- Israeli Prime Minister Benjamin Netanyahu has a flair for the dramatic, but the information he presented about the Iran deal is scary in any light.
- The Mossad stole over 100,000 Iranian documents.
- What they reveal about the Iranian nuclear program is terrifying.
Benjamin Netanyahu is a man who understands the power of a story well told.
The Israeli prime minister has a penchant for using visual aids to bolster his rhetoric. He has done it at the UN. And he did it Monday while warning the world about the pitfalls of the Iran deal.
But after the initial effects of his PowerPoint slides and his enormous “Iran lied” signs subsided, the question on everyone’s mind seemed to be: What, if any, of the information he presented was new? How would that information play a role in the Trump administration’s plans on the Iran deal?
And, in the longer term, how would it affect another tenuous, upcoming negotiation involving nuclear weapons — the one with North Korea?
Pundits and politicians disagreed about the status of the information.
On one hand was Daniel Shapiro, who was the US ambassador to Israel from 2011 until 2017. He told me that “the information in the documents Netanyahu revealed is not new.”
“It confirms what we have long known,” he said.
This seems to be the favored explanation from former Obama administration officials and those who favor remaining in the Iran deal in its current form.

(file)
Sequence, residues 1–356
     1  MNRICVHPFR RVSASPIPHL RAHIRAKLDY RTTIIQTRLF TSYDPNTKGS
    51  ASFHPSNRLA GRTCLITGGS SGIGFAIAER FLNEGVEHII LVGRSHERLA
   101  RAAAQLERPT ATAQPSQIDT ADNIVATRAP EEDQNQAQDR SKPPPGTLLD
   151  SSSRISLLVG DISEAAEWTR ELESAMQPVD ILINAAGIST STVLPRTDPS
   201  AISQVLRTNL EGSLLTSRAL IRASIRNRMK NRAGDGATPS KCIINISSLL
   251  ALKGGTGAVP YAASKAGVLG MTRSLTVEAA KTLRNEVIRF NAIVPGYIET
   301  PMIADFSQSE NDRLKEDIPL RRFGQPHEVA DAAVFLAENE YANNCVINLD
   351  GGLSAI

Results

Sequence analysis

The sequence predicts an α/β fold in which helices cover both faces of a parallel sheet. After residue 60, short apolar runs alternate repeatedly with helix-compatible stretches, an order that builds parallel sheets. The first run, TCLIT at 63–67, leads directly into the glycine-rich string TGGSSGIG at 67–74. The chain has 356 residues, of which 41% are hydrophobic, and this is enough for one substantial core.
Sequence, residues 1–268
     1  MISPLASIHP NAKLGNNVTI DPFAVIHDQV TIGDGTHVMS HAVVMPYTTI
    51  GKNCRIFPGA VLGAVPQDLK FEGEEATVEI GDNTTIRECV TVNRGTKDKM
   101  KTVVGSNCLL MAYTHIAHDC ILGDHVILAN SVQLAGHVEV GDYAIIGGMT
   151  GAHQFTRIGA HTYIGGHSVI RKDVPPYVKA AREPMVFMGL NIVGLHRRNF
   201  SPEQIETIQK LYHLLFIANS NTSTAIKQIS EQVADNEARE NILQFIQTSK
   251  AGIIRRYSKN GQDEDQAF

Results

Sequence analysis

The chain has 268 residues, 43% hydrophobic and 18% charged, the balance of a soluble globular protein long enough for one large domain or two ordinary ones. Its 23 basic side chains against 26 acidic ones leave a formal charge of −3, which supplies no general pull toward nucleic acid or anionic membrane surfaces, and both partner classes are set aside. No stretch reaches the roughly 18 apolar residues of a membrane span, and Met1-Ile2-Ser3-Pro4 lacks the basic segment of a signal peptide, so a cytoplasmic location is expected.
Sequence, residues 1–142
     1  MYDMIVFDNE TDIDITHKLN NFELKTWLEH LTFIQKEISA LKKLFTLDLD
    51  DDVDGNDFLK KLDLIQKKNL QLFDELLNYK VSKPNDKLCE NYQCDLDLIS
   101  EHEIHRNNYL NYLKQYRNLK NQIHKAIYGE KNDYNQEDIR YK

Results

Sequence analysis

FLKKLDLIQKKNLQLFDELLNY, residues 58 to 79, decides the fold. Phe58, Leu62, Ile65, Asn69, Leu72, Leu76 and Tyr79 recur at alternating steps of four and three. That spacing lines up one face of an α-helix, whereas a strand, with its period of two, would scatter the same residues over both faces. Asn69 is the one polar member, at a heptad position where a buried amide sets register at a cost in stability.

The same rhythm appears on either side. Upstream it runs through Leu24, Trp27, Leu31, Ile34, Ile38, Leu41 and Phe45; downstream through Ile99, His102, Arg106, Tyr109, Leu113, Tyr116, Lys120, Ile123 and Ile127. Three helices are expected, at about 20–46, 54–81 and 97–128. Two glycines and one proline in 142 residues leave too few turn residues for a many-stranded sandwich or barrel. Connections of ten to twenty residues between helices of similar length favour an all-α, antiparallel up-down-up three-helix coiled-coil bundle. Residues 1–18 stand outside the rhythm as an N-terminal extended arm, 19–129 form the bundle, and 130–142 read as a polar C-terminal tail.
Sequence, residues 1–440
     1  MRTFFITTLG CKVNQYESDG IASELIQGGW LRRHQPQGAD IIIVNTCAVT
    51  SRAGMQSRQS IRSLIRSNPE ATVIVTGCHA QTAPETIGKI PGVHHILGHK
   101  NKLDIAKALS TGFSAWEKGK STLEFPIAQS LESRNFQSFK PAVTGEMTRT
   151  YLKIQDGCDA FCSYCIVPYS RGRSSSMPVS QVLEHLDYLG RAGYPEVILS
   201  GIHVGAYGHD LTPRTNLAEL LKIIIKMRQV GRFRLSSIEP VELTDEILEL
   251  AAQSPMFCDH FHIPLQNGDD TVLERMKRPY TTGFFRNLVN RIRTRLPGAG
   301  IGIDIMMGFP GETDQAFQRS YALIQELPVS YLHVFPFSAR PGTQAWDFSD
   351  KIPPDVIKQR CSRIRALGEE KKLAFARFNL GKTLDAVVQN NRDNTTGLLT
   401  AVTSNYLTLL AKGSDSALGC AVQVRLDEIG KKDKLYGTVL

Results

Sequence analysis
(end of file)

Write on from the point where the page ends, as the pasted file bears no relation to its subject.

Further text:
“It may be the first time some of it was presented to the public,” he said, and that “combined with Netanyahu’s skill in presenting it,” that could “have some effect on public opinion.”
He said he expects that Trump will abandon the deal this month and that, while he believes the US President has “already made that decision,” this new presentation “will be cited as evidence to justify it.”
On the other hand, Mark Dubowitz, the CEO of the Foundation for Defense of Democracies, took a different view. He told me that “Iran lied about its nuclear weapons program,” and that it “retained a vast atomic archive with detailed instructions on how to restart its nuclear weapons program at a time of its choosing.”
This, he said, “is new, alarming, and inconsistent with its JCPOA pledge not to develop nuclear weapons and only to have a program for peaceful purposes.”
Dubowitz said that “it is now clear that a fix to the deal must include a US-European pledge to force the regime to do what it didn’t in 2015: provide full access to its nuclear scientist, sites, and documentation so that the IAEA can use this as a baseline to fully verify Iran’s commitment to the deal.”
In the aftermath of Netanyahu’s presentation, pundits wondered aloud how Trump’s decision regarding the JCPOA might affect the progress he’s been making with North Korea. The worry was that if Trump ultimately decides to pull out of the Iran deal, the message he would be sending to Kim is that the word of the US is worthless.
But the opposite is true. If this deal proves to be as disastrous as it seems, if it really doesn’t limit the Iranians in any meaningful way, and if they have, and continue to lie to the world, Trump’s decision to pull out of it would send a clear message to Kim: The US is not to be trifled with.
Trump would convey strength, not weakness. He would signal to North Korea that any future agreements or accords would be taken seriously, and that at the first sign of noncompliance, any and all carrots would be immediately morphed into sticks.
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